However, the increasing usage of social media platforms has also provided a breeding ground for the flourishing of activities which were mostly associated with the offline world. One of those activities is online harassment. According to Bossler, Holt and…
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Photography, having started off as a hobby of a privileged group of people over a century ago, is now seen as an integral part of daily practices by millions of people worldwide. Mass-produced cameras and mobile phones made the process of taking photos a popular, cheap, and undeniably convenient activity. Consequently, the avalanche of photos taken on the planet (and in outer space too) created a significant demand for the services where people can upload their photos, share them with friends (or the rest of humanity), get feedback and comments, etc. Thus, following the logics of the economics “demand creates supply”, the need of photo-related services was successfully satisfied on multiple levels. As of this writing there are thousands of photo-sharing services, each with its own niche, target groups and functions. Although the overwhelming majority of these services copy the features of one another, the true leaders of the industry have their unique face and specific structure, making them appealing to people and thus popular and widely spread services. This post will focus on one of the leaders of the Internet photo-sharing – Imgur.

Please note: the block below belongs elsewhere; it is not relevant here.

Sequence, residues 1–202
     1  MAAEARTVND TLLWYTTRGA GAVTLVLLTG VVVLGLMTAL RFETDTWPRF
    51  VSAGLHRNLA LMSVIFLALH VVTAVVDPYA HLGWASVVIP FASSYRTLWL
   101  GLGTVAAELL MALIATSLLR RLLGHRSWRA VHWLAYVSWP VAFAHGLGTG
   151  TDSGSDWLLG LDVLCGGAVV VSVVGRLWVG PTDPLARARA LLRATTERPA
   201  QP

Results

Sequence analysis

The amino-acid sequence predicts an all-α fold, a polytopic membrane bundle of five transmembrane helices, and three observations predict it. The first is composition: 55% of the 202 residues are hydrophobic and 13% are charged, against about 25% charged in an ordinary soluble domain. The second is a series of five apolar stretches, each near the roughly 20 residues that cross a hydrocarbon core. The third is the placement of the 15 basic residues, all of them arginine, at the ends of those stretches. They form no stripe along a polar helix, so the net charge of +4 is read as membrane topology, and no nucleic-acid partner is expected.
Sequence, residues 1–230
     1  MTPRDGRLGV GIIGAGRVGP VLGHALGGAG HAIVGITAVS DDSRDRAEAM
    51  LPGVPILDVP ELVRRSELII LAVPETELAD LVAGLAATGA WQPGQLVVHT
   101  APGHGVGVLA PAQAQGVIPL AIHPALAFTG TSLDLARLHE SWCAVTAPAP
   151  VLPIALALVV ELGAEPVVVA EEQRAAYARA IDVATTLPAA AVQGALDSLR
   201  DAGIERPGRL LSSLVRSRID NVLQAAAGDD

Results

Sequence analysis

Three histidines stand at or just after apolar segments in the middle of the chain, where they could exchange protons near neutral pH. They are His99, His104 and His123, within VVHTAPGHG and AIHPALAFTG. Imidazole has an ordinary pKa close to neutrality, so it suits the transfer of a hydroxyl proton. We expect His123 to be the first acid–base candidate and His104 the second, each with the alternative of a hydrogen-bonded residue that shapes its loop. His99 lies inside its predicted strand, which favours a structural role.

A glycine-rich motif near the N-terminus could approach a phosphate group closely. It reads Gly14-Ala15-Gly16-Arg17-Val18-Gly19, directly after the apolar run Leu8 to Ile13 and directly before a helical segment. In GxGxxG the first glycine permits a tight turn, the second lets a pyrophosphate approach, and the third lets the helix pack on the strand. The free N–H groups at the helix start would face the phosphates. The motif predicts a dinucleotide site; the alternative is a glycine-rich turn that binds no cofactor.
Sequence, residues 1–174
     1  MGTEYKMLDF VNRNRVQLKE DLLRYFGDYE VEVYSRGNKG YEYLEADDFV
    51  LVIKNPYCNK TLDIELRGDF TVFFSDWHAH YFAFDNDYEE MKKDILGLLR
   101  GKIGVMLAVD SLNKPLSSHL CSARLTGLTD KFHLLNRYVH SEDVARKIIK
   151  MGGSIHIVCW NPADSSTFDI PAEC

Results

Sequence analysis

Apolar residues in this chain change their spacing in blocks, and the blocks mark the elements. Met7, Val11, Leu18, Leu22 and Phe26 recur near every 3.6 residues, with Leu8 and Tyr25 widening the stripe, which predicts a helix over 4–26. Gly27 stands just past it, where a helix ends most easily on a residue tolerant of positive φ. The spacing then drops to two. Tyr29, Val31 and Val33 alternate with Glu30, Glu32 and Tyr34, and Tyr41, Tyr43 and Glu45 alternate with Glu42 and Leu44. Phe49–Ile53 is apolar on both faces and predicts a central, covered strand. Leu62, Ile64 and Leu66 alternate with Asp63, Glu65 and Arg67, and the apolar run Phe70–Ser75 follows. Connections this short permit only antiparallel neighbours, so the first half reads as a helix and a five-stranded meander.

The phrase in the headline belongs to Alan Schaaf, the founder of Imgur, and was used to describe the motivations behind creating another photo-sharing website. The usability problems encountered in similar services, as well as the lack of some necessary features forced a student in Ohio to raise a question – “if there is no good enough service on the market, why don’t I create one myself?” That is how one of the biggest companies in the industry with over 70 million unique users and 300 million uploaded images in 2012 alone was founded. Interestingly, Imgur was launched as recently as 2009, thus its exponential growth to date is truly impressive. Indeed, what makes this site so attractive, what is so special about its structure, so unique about its tools and features that compels people to type Imgur into their browsers? In this post I will take a closer look at the structure and design of Imgur and try to deduce how these affect the social behavior of its users and attract people to use the site.
A number of scholars have already pointed out the most common and widespread design patterns and structures of Imgur-alike services. Liking (and disliking), commenting on posts, geo-tagging and sharing with friends on other social networks are among the most common features which to a some extent exist on most of these services. Additionally, the very fact that the overwhelming majority of such services have both desktop and mobile versions is not surprising. Furthermore, given that Imgur-alike services are the creations of Web 2.0, features such as harnessing collective intelligence, viral-ism in all its manifestations, the constant change of old features and adding of new ones, and “innovation in assembly” are integral parts of these services. Hence, I decided to dedicate this post to more particular and specific features of Imgur. Moreover, if all the services have a similar number and quality of tools, it is the special features that set them apart which in turn make them more appealing and help them reach and grow their target audiences.